Many of the features of the prior invention can be combined to advantage with those of the present invention. It is for example of particular advantage for the torsion bar to be concentrically accommodated at least along some of its length in aprotective cylinder that rotates on the base with one end secured non-rotatably to the other end of the bar and with the transmission that forwards the rotary motion secured to the cylinder. The cylinder itself can constitute a torsion bar.

The principle behind the invention consists of positioning additional mechanisms in the form of spring mechanisms between the torsion bar and the weapon in the transmission mechanism in order to store the absent energy needed for completeunbalance compensation. Especially appropriate in a four-member transmission for example is to connect the lever secured to the second end of the torsion bar to the weapon's pivoting assembly with another energy reservoir in the form of a telescopicleg. The compression spring, which can have a linear characteristic for example, must be designed taking into account the variable transmission ratio in relation to the unbalance moment to approximate the equations

where E.sub.FL is the energy accommodated by the link in the form of a compression spring with the weapon at its lowest elevation, C.sub.L is the compression spring's antiresilience, I.sub.G is the deflection of the spring at .alpha..sub.2min,and I.sub.V is the spring's deflection at .alpha..sub.2max.

BRIEF DESCRIPTION OF THE DRAWINGS

One embodiment of an unbalance-compensating device in accordance with the invention will now be described in greater detail with reference to the drawings, wherein

FIG. 1 is a schematic and partly sectional top view of part of a weapons system with an unbalance-compensating device at the turret of a military tank,

FIG. 2 is a partly sectional side view of the weapons system and unbalance-compensating device illustrated in FIG. 1, and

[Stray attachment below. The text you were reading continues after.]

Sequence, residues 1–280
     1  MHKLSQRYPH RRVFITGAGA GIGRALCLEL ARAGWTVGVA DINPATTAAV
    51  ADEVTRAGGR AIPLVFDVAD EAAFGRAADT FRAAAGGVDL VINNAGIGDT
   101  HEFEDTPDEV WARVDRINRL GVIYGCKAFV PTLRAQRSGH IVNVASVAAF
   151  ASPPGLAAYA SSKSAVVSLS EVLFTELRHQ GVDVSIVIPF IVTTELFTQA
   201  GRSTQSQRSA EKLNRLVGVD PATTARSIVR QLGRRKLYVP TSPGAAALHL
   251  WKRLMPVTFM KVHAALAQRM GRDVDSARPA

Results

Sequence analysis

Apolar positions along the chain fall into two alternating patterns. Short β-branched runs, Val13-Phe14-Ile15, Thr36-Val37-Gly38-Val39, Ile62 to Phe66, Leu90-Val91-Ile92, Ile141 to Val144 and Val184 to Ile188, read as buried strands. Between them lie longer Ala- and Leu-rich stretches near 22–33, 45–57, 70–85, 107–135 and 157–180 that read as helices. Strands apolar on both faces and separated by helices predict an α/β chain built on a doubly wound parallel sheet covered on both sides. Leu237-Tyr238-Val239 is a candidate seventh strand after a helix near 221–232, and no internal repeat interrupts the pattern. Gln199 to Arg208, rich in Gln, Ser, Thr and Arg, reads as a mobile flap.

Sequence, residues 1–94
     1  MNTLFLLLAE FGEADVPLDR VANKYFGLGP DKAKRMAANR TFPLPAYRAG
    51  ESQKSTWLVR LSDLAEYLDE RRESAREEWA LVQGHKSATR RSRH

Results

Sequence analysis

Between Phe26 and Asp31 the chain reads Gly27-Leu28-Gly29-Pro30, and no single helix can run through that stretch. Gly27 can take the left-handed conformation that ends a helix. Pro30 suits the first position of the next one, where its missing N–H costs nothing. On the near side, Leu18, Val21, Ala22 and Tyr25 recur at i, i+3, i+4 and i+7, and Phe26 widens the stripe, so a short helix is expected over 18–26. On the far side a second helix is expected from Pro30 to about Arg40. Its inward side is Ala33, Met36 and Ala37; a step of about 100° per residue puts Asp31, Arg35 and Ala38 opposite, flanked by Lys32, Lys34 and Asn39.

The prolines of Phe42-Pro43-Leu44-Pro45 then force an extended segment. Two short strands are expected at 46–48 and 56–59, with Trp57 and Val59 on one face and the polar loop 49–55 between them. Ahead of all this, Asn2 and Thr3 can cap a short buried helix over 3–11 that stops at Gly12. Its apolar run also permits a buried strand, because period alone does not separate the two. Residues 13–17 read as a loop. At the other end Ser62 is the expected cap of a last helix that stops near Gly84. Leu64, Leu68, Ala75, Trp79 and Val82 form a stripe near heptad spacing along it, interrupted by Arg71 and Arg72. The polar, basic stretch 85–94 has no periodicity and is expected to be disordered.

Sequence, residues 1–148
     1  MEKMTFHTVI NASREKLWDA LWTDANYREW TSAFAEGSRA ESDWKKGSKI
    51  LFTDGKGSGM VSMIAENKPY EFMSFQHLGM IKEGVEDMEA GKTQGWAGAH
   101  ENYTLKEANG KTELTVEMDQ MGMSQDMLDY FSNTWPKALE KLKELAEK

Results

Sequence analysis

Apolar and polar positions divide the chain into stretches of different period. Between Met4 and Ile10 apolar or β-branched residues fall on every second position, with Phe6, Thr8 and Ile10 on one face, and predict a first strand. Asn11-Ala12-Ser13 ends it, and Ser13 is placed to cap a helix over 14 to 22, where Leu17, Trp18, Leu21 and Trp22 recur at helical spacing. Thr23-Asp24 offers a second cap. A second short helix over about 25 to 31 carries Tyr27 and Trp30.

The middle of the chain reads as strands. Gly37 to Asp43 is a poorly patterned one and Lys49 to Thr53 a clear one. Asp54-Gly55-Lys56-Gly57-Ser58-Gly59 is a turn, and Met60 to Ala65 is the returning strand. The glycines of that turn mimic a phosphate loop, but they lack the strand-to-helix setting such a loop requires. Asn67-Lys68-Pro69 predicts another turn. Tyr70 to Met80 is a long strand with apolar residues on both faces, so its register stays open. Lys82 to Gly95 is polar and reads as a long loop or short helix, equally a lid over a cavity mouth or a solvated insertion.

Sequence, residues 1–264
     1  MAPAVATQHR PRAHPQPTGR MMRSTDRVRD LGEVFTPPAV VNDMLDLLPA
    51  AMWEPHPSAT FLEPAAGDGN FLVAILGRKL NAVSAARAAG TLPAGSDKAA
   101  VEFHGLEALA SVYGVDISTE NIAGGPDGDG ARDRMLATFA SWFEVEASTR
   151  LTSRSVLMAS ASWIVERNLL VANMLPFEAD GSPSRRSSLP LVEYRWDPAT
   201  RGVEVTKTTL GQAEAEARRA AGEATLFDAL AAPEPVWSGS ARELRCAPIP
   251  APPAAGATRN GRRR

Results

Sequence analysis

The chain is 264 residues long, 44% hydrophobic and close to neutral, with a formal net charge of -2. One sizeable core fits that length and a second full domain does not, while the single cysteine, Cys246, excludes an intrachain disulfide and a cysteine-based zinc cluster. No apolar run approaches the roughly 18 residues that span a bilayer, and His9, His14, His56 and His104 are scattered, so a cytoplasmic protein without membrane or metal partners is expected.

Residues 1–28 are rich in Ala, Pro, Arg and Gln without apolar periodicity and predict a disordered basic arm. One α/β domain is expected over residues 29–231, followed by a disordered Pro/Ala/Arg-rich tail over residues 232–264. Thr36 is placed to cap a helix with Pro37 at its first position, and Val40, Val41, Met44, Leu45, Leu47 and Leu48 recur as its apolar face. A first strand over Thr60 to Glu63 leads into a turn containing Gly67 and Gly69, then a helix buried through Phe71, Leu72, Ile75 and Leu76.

FIG. 3 is a graph of the weapons system's unbalance curve and of the unbalance-compensating device's characteristic.

DETAILED DESCRIPTION OF THE INVENTION

FIGS. 1 and 2 are highly schematic representations of a weapons system in the turret of a military tank with a stationary base or gu carriage in the form of a turret 2 and a pivoting assembly 1 in the form of a tube and cradle. Assembly 1 can bepivoted in the elevation direction on a trunnion 1.1 in stationary base 2 by an aiming mechanism 3.

Accommodated in the interior 2.1 of turret 2, parallel to the axis of rotation of trunnion 1.1 and accordingly upstream of the trunnion in the direction of fire, and below pivoting assembly 1 is a torsion-bar suspension mechanism 4, one end 4.0of which is secured by way of a series of notches 4.6 in a pillow block 2.2 that is secured to turret 2. The other and free end 4.1 of torsion-bar suspension mechanism 4 is non-rotationally secured by another series of notches 4.6 to a protectivecylinder 4.3. The cylinder concentrically surrounds torsion-bar suspension mechanism 4 to about half its length and rotates on balls or roller bearings 4.4 in the walls 2.3 of the weapon well. Secured to the outside circumference of protective cylinder4.3 is a lever 4.2 that is articulated to one end of a telescopic leg 5. The other end of the leg is articulated to the weapon's pivoting assembly 1. Inside telescopic leg 5 is a compression spring 5.1 that can be tensioned with a threaded stop 5.2. The extension of compression spring 5.1 is also limited by a stationary stop 5.3.